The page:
|A BLM Wild Horse and Burro Specialist working with fertility control vaccine PZP.|
As part of its efforts to manage the population growth of wild horses on public rangelands, the Bureau of Land Management has supported the development of an effective contraceptive agent for wild horses since 1978. Over the years, attempts at different approaches -- such as hormone implants, chemical vasectomies, and intrauterine devices -- were tried, but abandoned as ineffective or impractical at that time.
Currently the most promising agents are porcine zona pellucida (PZP) vaccines that were developed starting in the 1990s. The BLM currently uses PZP in two formulations. The most effective is a one-year liquid vaccine that must be re-administered annually. The BLM administers this vaccine, known as ZonaStat-H, through ground-darting programs in several Herd Management Areas where the wild horses are approachable. However, ground darting is generally not practical for BLM because it is difficult to approach most wild horses closely enough on vast and open Western rangelands.
The BLM also uses a longer-lasting pelleted PZP agent known as PZP-22, which is effective for approximately 22 months. The pelleted vaccine is typically hand-injected after the mares have been gathered from the range. This method of treatment means that during gathers, more mares need to be captured (for treatment and release) than would actually be removed from the range. While this is usually possible, it can be difficult to capture a large enough fraction of a herd’s population so that significant numbers can be treated and released in order to slow population growth. Once enough horses have been captured to bring the population down to AML, catching the small number of remaining horses becomes challenging because they are scattered over larger areas and many have become more evasive.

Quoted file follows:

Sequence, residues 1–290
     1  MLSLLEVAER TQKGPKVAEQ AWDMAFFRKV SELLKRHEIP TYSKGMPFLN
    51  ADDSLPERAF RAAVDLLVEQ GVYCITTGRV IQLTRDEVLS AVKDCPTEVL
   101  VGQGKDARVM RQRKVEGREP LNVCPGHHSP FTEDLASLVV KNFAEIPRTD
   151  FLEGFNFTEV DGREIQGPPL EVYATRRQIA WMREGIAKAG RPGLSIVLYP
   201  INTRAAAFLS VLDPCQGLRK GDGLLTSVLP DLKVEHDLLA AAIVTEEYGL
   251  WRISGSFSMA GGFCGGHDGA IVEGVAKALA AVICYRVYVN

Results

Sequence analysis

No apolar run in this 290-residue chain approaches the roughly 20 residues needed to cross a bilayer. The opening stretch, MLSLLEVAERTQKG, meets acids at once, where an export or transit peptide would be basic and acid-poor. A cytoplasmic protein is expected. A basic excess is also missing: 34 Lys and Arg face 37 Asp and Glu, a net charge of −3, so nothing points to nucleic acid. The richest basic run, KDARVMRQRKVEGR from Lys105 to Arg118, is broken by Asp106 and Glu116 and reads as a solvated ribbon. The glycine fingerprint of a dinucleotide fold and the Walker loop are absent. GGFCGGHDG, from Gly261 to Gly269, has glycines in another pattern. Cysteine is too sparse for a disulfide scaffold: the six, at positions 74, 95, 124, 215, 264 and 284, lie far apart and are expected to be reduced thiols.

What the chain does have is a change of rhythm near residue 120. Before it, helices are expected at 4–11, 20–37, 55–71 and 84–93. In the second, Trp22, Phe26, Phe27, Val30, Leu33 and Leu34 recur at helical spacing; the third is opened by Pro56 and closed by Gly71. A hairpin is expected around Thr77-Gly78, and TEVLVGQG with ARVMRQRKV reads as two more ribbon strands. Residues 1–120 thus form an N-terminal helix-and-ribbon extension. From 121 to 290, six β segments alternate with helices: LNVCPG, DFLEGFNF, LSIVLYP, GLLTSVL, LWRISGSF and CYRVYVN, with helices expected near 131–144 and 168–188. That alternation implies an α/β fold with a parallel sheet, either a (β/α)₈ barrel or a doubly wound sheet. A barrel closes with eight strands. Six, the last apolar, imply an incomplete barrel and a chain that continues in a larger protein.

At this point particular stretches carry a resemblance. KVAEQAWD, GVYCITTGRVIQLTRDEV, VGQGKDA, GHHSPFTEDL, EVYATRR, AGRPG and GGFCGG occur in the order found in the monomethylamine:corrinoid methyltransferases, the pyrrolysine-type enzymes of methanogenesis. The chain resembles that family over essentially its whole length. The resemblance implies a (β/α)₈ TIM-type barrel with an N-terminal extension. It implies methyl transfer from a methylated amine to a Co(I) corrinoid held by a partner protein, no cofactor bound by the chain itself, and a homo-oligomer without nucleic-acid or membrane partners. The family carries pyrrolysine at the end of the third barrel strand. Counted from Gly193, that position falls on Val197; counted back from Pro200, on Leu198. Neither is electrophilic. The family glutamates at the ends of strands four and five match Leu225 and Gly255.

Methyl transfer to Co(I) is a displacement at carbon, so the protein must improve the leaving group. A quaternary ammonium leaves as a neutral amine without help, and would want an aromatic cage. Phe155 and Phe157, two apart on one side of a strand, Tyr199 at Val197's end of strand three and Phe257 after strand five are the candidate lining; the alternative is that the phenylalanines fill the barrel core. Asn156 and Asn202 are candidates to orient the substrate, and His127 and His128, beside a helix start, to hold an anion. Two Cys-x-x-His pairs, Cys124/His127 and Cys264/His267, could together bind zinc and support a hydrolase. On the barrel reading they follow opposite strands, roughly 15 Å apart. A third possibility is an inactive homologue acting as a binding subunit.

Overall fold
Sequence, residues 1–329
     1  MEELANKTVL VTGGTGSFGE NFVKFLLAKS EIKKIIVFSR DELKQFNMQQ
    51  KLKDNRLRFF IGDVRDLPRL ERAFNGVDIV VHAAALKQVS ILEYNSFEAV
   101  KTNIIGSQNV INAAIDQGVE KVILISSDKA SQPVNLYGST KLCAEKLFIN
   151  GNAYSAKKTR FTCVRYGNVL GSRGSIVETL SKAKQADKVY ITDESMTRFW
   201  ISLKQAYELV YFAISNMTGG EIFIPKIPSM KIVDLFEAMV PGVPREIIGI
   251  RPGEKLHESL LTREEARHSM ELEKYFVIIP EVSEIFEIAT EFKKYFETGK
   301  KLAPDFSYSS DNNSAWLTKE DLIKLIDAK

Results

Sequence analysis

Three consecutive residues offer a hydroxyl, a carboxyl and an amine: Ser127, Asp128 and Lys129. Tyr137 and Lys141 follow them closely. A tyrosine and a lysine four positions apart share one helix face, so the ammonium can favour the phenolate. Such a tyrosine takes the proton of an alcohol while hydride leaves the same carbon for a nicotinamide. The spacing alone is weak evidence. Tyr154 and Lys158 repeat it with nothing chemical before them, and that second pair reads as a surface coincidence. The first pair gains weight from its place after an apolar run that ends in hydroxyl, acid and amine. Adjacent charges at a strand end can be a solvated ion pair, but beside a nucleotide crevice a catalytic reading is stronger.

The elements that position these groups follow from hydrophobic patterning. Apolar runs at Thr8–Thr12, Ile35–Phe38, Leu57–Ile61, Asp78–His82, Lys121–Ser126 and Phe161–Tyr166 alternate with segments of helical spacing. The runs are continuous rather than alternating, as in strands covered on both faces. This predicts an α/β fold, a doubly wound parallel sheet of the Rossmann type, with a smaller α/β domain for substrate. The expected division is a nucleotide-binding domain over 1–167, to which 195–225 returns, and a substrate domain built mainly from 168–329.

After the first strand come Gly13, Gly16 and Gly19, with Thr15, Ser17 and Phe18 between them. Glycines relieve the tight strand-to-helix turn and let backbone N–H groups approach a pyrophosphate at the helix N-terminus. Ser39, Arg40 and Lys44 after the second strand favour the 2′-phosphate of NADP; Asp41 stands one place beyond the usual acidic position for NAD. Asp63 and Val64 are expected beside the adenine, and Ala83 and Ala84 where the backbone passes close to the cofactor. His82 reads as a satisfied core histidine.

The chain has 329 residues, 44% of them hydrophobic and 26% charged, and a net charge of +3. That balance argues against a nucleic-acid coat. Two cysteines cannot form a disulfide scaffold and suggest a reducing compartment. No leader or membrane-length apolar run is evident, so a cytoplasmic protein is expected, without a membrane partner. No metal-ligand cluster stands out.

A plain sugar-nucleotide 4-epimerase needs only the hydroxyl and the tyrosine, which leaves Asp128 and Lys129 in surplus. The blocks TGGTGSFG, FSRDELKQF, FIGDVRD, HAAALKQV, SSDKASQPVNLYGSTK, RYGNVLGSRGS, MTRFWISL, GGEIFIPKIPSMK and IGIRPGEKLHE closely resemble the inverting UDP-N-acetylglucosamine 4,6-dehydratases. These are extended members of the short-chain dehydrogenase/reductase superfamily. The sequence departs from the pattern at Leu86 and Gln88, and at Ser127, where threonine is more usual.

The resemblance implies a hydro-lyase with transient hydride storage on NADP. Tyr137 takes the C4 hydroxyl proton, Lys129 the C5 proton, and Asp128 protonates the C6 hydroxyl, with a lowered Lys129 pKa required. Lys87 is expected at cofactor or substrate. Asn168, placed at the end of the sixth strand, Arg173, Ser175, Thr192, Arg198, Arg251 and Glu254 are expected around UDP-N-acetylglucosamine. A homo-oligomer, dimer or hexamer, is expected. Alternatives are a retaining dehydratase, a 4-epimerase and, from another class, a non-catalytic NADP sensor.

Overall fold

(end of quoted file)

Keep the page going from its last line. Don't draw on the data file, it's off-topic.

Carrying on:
Since 2004, the BLM has administered PZP-22 to thousands of mares on the range, but significant reductions in the rate of population increase on a national level have not yet been apparent.
The BLM is committed to both increasing its use of current fertility control vaccines and pursuing the development of the next-generation of wild horse fertility control agents and methods. The BLM will also continue to treat herds where practical, but the impacts from reduced reproduction rates may not be realized in the immediate future until more effective methods are available.